String Forecast Poll

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How many recent string papers will get 100+ citations in 2005?


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    15
  • #26
marcus
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Now there are 11 people in the poll and our predictions are

How many recent string papers will get 100+ citations in 2005?

One better than last year, 9: Meteor
Same as last year, 8: Locrian and I
One less than last year, 7: Igor_S
Slump continues, 6: selfAdjoint, Berislav
Yikes! 5: Peter Woit, Ohwilleke, Chronos
5-ish: Gokul
More yikes! 4: Spin_Network

Berislav agrees with selfAdjoint, in predicting 6 papers. At first he estimated 7 but on clarification about the problem revised his guess to 6.
 
  • #27
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Are these preprints or published papers? I am curious how you got the numbers.
I counted the number of preprints that were submitted this year which cite the paper in question on it's SLAC page, e.g. http://www.slac.stanford.edu/spires/find/hep/www?rawcmd=FIND+EPRINT+HEP-TH/0301240 [Broken]
 
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  • #28
marcus
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notevenwrong said:
Hi Marcus,

Fun for the whole family!

I'm guessing 5-6 papers from 2001-2005 with >100 citations, and I'll even tell you which ones they'll be, roughly in order. I voted already and put 5 in my vote, but had forgotten about one. But leave my vote at 5, I think the last two on this list will be close to 100 citations and one of them may not make it.

KKLT hep-th/0301240
Berenstein et. al. on PP-waves hep-th/0202021
Giddings et. al on Flux compactifications hep-th/0105097
Kachru et. al. on inflation and string theory hep-th/0308055
Douglas, Nekrasov on Non-commutative field theory hep-th/0106048
Witten on strings on twistor space hep-th/0312171

Peter

The list that Berislav was checking out, in the preceding post, was one that notevenwrong supplied earlier in this thread. I first found out about Peter Woit's blog, Notevenwrong, in this thread started by selfAdjoint:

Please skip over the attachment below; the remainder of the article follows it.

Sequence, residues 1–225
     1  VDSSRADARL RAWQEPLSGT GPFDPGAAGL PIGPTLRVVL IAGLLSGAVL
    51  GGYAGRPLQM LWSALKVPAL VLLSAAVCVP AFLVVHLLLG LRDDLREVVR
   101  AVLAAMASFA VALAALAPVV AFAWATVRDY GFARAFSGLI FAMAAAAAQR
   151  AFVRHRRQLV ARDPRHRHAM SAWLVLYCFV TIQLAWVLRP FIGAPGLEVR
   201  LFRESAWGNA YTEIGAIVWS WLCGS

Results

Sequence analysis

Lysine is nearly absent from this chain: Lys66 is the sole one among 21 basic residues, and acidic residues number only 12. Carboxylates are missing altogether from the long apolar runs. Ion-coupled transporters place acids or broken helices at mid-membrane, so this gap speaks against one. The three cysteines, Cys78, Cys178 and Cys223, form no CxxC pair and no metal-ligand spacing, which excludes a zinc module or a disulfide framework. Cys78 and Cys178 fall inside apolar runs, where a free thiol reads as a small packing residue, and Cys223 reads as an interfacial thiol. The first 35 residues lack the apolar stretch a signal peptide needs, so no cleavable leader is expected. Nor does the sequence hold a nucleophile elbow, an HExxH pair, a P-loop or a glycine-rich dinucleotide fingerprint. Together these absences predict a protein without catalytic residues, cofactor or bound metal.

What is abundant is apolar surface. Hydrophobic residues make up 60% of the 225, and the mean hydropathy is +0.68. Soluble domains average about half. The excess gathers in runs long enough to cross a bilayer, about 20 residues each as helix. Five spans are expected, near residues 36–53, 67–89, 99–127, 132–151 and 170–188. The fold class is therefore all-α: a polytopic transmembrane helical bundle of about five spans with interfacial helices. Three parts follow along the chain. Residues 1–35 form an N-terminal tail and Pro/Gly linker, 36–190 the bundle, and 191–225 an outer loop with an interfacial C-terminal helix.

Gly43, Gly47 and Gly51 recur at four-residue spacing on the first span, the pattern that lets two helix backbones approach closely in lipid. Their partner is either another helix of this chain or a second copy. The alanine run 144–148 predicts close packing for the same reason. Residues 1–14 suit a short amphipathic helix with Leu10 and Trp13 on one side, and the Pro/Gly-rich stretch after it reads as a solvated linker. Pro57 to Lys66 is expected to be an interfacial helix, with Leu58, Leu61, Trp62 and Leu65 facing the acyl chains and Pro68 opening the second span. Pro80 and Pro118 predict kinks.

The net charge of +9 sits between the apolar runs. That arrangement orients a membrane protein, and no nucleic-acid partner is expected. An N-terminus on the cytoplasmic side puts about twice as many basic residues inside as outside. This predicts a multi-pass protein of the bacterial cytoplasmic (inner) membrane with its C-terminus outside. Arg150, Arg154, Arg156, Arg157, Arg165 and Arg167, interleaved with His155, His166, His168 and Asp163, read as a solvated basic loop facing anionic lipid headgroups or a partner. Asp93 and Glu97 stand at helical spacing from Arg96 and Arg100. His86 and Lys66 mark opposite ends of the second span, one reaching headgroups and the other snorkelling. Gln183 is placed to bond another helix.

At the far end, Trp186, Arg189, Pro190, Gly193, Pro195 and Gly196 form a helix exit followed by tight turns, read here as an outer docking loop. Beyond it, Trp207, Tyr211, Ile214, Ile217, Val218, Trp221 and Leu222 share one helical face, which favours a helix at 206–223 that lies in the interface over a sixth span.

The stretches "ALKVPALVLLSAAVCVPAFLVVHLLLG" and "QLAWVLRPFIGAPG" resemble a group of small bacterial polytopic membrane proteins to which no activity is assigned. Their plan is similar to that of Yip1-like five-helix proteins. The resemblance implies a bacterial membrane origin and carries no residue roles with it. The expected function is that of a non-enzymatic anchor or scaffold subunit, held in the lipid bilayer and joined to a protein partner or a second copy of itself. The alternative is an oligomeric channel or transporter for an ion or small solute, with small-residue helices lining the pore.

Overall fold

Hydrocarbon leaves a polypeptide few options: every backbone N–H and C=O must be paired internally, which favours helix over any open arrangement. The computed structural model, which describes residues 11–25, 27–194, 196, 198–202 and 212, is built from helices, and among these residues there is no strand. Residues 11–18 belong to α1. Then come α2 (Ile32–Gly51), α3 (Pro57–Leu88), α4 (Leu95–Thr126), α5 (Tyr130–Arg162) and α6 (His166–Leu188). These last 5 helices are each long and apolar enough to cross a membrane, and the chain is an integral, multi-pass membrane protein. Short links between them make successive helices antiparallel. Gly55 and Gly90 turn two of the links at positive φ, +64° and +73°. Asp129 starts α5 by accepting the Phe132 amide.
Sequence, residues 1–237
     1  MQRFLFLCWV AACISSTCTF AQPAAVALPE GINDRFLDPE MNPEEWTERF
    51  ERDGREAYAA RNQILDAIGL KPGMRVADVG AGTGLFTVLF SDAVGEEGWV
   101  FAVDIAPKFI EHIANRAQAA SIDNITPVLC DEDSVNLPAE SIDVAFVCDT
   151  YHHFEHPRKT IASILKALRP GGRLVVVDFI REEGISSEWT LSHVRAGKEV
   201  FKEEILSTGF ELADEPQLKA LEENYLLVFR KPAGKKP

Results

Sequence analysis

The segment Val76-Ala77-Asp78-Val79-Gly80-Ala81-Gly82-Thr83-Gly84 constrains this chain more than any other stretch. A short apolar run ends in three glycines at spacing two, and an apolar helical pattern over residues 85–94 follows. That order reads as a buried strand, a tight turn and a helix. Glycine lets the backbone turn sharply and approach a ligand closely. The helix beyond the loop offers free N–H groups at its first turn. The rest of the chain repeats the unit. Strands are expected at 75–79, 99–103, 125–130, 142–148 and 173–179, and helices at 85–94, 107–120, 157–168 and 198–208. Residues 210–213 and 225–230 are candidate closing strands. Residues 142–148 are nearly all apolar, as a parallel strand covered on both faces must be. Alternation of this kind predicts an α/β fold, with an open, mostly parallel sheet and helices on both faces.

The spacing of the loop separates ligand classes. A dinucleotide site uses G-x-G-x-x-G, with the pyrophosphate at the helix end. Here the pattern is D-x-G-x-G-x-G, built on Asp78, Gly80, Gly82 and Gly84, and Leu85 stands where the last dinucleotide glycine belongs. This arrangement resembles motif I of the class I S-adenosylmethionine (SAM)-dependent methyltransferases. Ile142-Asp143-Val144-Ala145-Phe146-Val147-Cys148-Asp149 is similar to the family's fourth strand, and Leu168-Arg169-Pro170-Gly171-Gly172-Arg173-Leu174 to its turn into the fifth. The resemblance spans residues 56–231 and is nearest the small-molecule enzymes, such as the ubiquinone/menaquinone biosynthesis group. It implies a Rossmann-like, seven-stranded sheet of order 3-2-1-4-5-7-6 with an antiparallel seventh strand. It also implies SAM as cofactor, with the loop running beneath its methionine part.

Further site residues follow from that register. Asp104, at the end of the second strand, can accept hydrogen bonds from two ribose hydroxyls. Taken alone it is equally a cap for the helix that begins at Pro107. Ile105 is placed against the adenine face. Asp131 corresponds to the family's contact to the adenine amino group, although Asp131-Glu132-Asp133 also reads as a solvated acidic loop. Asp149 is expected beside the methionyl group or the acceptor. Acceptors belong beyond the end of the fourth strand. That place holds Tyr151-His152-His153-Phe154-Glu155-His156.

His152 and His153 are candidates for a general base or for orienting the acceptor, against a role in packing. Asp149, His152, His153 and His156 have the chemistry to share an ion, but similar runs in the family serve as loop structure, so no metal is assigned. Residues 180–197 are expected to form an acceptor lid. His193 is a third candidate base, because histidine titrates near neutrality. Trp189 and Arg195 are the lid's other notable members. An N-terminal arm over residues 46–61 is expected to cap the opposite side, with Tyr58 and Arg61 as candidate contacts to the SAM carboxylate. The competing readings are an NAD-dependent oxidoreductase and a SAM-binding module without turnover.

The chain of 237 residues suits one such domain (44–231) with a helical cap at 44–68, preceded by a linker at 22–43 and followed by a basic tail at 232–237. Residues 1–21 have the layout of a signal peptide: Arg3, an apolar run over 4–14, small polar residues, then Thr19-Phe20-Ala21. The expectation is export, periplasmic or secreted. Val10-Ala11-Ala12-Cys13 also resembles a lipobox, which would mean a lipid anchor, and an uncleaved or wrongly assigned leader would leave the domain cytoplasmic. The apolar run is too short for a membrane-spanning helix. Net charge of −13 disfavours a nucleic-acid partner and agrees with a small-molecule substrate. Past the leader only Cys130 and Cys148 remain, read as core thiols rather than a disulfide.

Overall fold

https://www.physicsforums.com/showthread.php?t=16961

I had forgotten exactly when and which thread, but just now by accident came across the link to it. thanks to both. Its been extremely interesting to read Peter's blog (and sometimes some of the comments) over the past year.

Will be interesting to see how Peter's picks do citewise...
 
  • #29
selfAdjoint
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Marcus said:
I first found out about Peter Woit's blog, Notevenwrong, in this thread started by selfAdjoint

BTW, do check out Woit's blogroll. I know you've seen "Cosmic Variance", but others like "Life on the Lattice" and "@matrix" are exciting too. And "It's the Same but It's Different", although much of it is in Brazilian Portugese, has every week a must-see cull of interesting papers from the arxiv.

This last week has been meetings for everybody - strings, lattices, gravity at SLAC (wanna T-shirt?), and et blowin' cetera. Many reports and sociological snippets.
 
  • #30
marcus
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selfAdjoint said:
BTW, do check out Woit's blogroll...

You're right! Peter's blogroll, especially in the old days before he put in the new format, was a real springboard for me. I found out about Steve Hsu's
"Information Processing" blog that way. Just to mention one.
But Peter pared the list down when he changed software. Everything is less cluttered now: easier to read and looks better. Still, it means that to get links to blogs I often have to go somewhere else, like Cosmic Variance
(whatever the site's other merits, the atmosphere there has a noticeably higher level of media-narcissism)

Something else was on my mind:
...

In 2000 there were 21 recent string papers that got 100+ citations.
The list is here
http://www.slac.stanford.edu/library/topcites/top40.2000.shtml
By recent, I mean published any time in the previous 5 years (1996 through 2000).

In 2004 there were 8 recent string papers that got 100+ citations,
the list is here
http://www.slac.stanford.edu/library/topcites/2004/annual.shtml
and recent means the previous 5 years (2000 through 2004).

...

I've been puzzled by the fact that the usual stuff for 2004 has been slow to come out at
http://www.slac.stanford.edu/library/topcites/

I just know of these two pieces:
http://www.slac.stanford.edu/library/topcites/2004/annual.shtml

http://www.slac.stanford.edu/library/topcites/2004/alltime.shtml

does anyone know of other parts of the 2004 topcites report that have been posted?

For instance, I have not seen Michael Peskin's review for last year

AFAIK the only thing to do is periodically check at this directory:
http://www.slac.stanford.edu/library/topcites/2004/
 
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  • #31
marcus
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Robert Ihnot (welcome!) added his prediction. Time to update. Now there are 12 people in the poll and our predictions are

How many recent string papers will get 100+ citations in 2005?

One better than last year, 9: Meteor
Same as last year, 8: Locrian and I
One less than last year, 7: Igor_S
Slump continues, 6: selfAdjoint, Berislav, Robert Ihnot
Yikes! 5 or less: Peter Woit, Ohwilleke, Chronos, Gokul, Spin_Network


Berislav at first estimated 7 but on clarification of the problem revised his guess to 6. The way the distribution shapes up is

9: 1
8: 2
7: 1
6: 3
5 or less: 5
 

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